Since the 2005 division system, three teams have dominated the Coastal: VT, GT, and Miami. From 2005-2008, the three teams have combined for 60 wins versus the bottom three only combining for 30.
I broke down every teams ACC wins/losses per week since 2005. Here's a table that shows the ACC Coastal Race since 2005:
There have been 54 weeks of games played since 2005. If we were to break it down by who has led or was tied for the Coastal lead via ACC winning percentage, it'd go like this: VT (33 weeks), GT (20 weeks), Miami (19 weeks), UVA (10 weeks), Duke (5 weeks), and UNC (4 weeks). Duke and UNC always manage to steal a week or two because everyone starts the season tied at 0.00%. UVA had a good run in 2007, which accounts for their 10 weeks of leading the ACC. And of course, VT has dominated the division.
Hence, the importance of this week's homecoming matchup. It's time for a changing of the guard. People are tired of Beamer Ball reppin' the ACC on the national stage. No one wants to see A+ special teams, A- defense, and B- offense. Everyone wants to watch A+ offense while the rest of the team chills on the sideline. That's my opinion and I'm sticking to it.
Here's a question telegraphed in by one of our most hardcore fans:
Dear Bird Flu [stop], What happens if GT beats VT [stop] and GT, Miami, and VT all win out with one ACC loss? [stop] Who wins the Coastal? [stop]
Hugs and Kisses,
Jerry J. [stop]
Good question Jerry. Let's look at the tie breaker policy on theACC.com. There are eight rules for a tie in the ACC title hunt. Here they are:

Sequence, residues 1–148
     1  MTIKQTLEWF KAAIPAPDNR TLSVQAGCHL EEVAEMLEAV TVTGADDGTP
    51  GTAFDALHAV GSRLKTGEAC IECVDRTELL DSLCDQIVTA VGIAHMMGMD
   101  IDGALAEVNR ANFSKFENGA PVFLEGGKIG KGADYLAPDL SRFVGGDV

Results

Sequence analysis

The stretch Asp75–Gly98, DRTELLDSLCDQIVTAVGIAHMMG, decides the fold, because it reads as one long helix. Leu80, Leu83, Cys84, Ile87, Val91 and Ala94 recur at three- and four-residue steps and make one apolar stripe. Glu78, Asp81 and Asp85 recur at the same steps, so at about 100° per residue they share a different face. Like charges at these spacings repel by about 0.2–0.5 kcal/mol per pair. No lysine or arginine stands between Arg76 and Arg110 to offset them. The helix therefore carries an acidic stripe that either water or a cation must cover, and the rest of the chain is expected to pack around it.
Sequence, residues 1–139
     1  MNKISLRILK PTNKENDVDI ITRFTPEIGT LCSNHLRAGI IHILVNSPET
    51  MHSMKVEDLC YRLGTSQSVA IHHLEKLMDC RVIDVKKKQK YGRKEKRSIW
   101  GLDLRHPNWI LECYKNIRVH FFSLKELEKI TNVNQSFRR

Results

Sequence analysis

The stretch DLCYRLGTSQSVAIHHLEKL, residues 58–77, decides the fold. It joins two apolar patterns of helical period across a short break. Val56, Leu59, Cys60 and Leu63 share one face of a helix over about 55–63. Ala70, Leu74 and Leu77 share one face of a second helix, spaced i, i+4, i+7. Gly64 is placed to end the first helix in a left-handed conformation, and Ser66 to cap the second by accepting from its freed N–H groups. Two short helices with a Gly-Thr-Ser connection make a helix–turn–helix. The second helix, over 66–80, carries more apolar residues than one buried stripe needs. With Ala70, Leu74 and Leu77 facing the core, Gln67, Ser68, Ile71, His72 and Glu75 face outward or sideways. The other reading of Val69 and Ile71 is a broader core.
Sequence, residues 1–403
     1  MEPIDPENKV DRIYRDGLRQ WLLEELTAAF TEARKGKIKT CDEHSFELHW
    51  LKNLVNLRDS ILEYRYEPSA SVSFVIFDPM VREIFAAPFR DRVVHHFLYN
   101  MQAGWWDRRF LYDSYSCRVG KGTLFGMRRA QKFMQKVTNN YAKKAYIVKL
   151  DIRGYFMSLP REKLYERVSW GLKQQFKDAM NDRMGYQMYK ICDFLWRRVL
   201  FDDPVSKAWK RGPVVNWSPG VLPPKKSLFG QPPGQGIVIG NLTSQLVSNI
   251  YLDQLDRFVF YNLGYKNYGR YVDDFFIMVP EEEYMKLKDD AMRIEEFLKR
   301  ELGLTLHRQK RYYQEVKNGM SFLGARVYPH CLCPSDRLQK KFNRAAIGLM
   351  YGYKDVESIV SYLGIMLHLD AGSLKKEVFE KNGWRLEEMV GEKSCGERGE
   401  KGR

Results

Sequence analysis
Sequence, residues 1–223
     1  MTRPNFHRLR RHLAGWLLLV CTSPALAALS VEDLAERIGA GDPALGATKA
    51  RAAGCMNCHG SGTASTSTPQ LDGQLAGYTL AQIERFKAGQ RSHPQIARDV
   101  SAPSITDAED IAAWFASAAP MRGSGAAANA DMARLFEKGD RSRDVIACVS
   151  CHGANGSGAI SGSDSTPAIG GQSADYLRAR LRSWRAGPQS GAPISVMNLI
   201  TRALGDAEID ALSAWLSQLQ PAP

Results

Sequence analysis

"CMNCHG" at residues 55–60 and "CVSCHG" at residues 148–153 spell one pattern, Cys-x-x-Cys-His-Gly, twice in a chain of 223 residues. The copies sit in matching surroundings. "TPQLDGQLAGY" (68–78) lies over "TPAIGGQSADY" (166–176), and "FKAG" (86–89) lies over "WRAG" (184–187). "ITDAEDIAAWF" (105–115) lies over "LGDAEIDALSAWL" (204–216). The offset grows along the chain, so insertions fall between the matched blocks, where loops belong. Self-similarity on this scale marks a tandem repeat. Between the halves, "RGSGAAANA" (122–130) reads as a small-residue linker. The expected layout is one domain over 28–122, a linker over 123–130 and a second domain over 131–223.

1. Combined head-to-head record among the tied teams.
2. Records of the tied teams within the division.
3. Head-to-head competition versus the team within the division with the best overall (divisional or conference) record, and proceeding through the division. Multiple ties within the division will be broken first to last.
4. Overall record for non-divisional teams.
5. Combined record versus all common non-divisional teams.
6. Record versus common non-divisional with the best overall Conference (divisional and non-divisional record) and proceeding through the other common non-divisional teams based on their order of finish within the division.
7. The tied team with the highest ranking in the Bowl Championship Series Standings following the conclusion of regular season games shall be the divisional representative in the ACC Championship Game, unless the second of the tied teams is ranked within five-or-fewer places of the highest ranked tied team. In this case, the head-to-head results of the top two ranked tied teams shall determine the representative in the ACC Championship Game.
8. The representative shall be chosen by a draw.
The tie breaker rules go in order of fairness. #1 is simple. Who won the games played amongst the tied teams? In this case, it'd still be a tie. #2 would also be a tie because everyone would only have 1 loss. #3 would be a tie as well because everyone played and beat/lost to the team with the best overall record in the division. #4, #5, & #6 are still a tie because the Atlantic is terrible and we're all gonna win our Atlantic games. #7 is where we should fret because in this case a win over VT would drop VT below us in the rankings but Miami would still be above us. Then, if we're similarly ranked, Miami would still beat us out because they beat us head-head.
Everything could be a huge cluster if all three teams win out. However, we'd prefer everyone win out over the possibility of us beating VT and them falling into a state of disrepair and losing additional games. A tie breaker with Miami = Miami instant win. So VT is only allowed to suck on October 17th and must play ridiculous football from then on. I'll leave you with one last chart. A graph of the running ACC winning percentage since the inception of the Coastal Division: